Blatter suggested “a possible reduction in the number of venues for the 2018 FIFA World Cup as well as matters linked to the capacity of the arenas.”

Mutko responded Tuesday, defending the plan agreed with FIFA two years ago.

“The conception, under which 12 stadiums in 11 cities will host World Cup matches, is not being changed,” Mutko said, according to the ITAR-Tass agency. “FIFA recommends 10 stadiums in nine cities, including two arenas in Moscow.”

A final decision might be made when FIFA’s executive committee next meets Sept. 25-26 in Zurich.

The once certainty is that the international mood about a World Cup in Russia has clearly changed since Brazil hosted a better-than-expected World Cup.

The shooting down of a Malaysia Airlines passenger jet in eastern Ukraine last month, suspected to involve pro-Russian separatists, fueled calls from western lawmakers for FIFA to move the tournament elsewhere.

Blatter has dismissed those calls, and was joined by UEFA President Michel Platini. UEFA must also decide on Sept. 19 whether to choose St. Petersburg as a host for 2020 European Championship matches.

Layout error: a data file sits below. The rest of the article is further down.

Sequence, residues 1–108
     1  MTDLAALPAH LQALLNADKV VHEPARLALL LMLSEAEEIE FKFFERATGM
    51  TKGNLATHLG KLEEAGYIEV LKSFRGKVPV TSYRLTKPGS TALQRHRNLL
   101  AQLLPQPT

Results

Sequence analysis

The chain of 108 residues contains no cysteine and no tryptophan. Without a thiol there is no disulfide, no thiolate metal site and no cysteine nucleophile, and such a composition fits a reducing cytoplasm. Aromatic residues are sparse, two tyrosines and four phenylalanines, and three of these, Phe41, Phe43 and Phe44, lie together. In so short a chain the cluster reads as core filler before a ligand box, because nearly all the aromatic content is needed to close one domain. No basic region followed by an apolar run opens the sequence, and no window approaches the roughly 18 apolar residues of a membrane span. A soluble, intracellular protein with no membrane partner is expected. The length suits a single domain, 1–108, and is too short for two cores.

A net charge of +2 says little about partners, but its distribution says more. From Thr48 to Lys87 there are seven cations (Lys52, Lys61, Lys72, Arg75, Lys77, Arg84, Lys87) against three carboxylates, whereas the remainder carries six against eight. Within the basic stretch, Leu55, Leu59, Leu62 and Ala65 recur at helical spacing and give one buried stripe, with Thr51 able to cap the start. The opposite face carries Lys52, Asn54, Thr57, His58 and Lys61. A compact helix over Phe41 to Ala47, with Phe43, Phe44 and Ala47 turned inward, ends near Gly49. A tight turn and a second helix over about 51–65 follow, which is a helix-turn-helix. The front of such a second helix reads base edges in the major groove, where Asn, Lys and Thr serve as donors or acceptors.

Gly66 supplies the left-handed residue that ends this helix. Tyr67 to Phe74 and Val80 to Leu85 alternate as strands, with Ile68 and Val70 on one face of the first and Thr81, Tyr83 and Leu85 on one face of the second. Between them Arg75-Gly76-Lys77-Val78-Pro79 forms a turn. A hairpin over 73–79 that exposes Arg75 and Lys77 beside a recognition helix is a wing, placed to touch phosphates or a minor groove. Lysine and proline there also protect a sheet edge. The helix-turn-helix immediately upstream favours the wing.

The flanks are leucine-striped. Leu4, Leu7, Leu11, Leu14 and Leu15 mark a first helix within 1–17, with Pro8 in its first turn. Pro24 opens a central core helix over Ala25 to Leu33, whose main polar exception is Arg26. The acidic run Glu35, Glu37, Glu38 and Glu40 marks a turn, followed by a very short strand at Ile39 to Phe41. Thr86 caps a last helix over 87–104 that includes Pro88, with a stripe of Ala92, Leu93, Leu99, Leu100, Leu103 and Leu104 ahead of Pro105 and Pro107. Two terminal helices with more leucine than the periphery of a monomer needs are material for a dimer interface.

For now, Russia seems too big in world football to fail.


Associated Press.

Environmental: Exiled environmentalist speaks of ‘impossibility’ of protest in Russia


Suren Gazaryan of the Environmental Watch on North Caucasus looks at waste close to the 2014 Sochi construction siteSuren Gazaryan of the Environmental Watch on North Caucasus looks at waste close to the 2014 Sochi construction site. Photograph: Mikhail Mordasov/AFP/Getty Images

Criticising Russian state projects and the destruction of the environment leads to police intimidation, trumped up criminal charges and prison, says a green activist forced to seek political asylum in western Europe after protesting against a luxurious mansion being allegedly built for Vladimir Putin and the destruction of protected wilderness for the winter Olympic games in Sochi.

“It has become almost impossible now to object to grand projects which have the authorities behind them. People are threatened and intimidated,” says zoologist Suren Gazaryan, who on Monday won a $175,000 prize in the Goldman awards, the equivalent of a “green Oscar”. He is now in Germany after receiving political asylum in Estonia.